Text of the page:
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Can’t find an apartment in Ottawa? Vacancy rate dips again in 2017

The City of Ottawa’s latest annual development report underscores how hard it is for renters to find a place to live in the nation’s capital.

The 2017 rental vacancy rate was 1.7 per cent, compared with three per cent in 2016.

The report, citing figures from Canadian Mortgage and Housing Corp., says the rental supply of apartments and rowhouse units only increased 0.9 per cent last year. The total number of those types of units was 69,573.

A separate and growing category is the number of condo units being rented. There was a seven-per-cent increase in the supply of condo rental units in 2017 and the overall percentage of condo units being rented out was 30.3 per cent, up from 20.7 per cent in 2012.

Condo rentals are becoming a big part of the supply of rental units, but as the report points out, they’re often limited to people who can afford to pay more.

The annual development report, which is a gold mine of information about local development and population trends, was published Tuesday ahead of a planning committee meeting next Tuesday.

The rental statistics reveal a downward trend in the local vacancy rate since 2015, but the rate historically has been lower, even dipping below 0.5 per cent in the early 1980s and in 2000.

The hardest rentals to find are one-bedroom apartments, which had a 1.4-per-cent vacancy rate in 2017. Bachelor units had a 1.6-per-cent vacancy rate and two-bedroom units had a 2.1-per-cent vacancy rate.

According to the report, the average monthly rent for a two-bedroom apartment in Ottawa in 2017 was $1,232, an increase of 2.6 per cent from 2016. There are rent controls in Ontario, with increases for existing tenants limited to 1.5 per cent in 2017, but landlords can charge whatever they want when a unit is empty.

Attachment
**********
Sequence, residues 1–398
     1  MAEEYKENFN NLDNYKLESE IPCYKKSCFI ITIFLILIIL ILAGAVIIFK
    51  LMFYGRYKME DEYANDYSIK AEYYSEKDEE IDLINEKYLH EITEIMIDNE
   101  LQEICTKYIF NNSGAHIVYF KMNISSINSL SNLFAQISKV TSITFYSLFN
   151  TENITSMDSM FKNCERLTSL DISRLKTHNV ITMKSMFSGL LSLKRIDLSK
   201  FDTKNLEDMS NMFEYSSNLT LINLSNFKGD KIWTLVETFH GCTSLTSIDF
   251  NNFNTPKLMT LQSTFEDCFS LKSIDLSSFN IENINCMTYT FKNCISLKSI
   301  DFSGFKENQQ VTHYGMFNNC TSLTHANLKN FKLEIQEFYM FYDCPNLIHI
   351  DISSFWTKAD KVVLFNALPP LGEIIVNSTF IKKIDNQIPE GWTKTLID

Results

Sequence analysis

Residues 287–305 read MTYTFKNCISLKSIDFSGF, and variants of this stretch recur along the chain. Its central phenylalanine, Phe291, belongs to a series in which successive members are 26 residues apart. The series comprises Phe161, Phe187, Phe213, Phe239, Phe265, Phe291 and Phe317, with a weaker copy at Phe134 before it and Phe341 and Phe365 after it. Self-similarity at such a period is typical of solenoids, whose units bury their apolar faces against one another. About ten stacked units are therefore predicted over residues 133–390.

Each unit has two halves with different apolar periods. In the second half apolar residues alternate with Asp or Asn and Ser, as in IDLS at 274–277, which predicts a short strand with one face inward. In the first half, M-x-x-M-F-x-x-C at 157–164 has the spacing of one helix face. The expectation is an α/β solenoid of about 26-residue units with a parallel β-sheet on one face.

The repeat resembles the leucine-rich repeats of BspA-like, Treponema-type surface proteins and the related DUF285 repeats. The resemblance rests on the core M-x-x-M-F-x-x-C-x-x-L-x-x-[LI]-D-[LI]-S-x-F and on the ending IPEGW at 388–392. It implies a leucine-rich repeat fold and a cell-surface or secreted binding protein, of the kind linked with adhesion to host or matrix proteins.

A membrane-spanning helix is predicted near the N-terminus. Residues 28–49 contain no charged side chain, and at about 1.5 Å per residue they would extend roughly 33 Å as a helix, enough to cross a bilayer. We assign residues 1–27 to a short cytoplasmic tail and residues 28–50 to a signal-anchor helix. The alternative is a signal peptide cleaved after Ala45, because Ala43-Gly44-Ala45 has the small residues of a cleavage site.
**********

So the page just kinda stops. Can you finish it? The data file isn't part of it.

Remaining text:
It’s cheaper to live across the Ottawa River.

The average monthly rent for a two-bedroom apartment in Gatineau last year was $782 and, according to the report, the cost gap between Gatineau and Ottawa for that type of unit was similar to the gap in 2016.

When it comes to Ottawa, renters in search of homes provided by the private sector might have the best luck finding a place in Nepean, where there was a vacancy rate of 3.6 per cent in 2016. The tightest rental market was in the Glebe and Old Ottawa South with a vacancy rate of 0.2 per cent.

As for businesses, the vacancy rate for commercial office space decreased to 11.4 per cent at the end of 2017 from 12.4 per cent in 2016. Industrial vacancy rate dipped to 6.3 per cent last year from 7.7 per cent in 2016, and the retail vacancy rate in 2017 was 5.5 per cent, compared to 5.3 per cent in 2016.

Overall household growth in Ottawa continues to be driven by the southern suburbs. The communities of Leitrim and Riverside South had the largest household growth rates in 2017 at 5.7 per cent and 5.1 per cent, respectively. The citywide growth rate for households was 1.6 per cent.

The city registered a big year for housing starts in 2017 at 6,849, the most annual starts since 2004 when there were 6,879.

jwilling@postmedia.com

twitter.com/JonathanWilling

 

2017 rental vacancy rates *

Nepean

3.6%

Alta Vista

2.4%

Sandy Hill/Lowertown

2.3%

Gloucester North/Orléans

1.9%

Vanier

1.9%

City average

1.7%

New Edinb./Manor Park/Overbrook

1.7%

Carlington/Iris

1.4%

Chinatown/Hintonburg/Westboro N

1.4%

Westboro S/Hampton Pk/Britannia

1.4%

Downtown

1.1%

Hunt Club/South Keys

1.0%

Western Ottawa Surrounding Areas

0.9%

Eastern Ottawa Surrounding Areas

0.7%

Glebe/Old Ottawa South

0.2%

* Zones established the Canadian Mortgage and Housing Corp. CMHC also provided the rental data for the annual development report.

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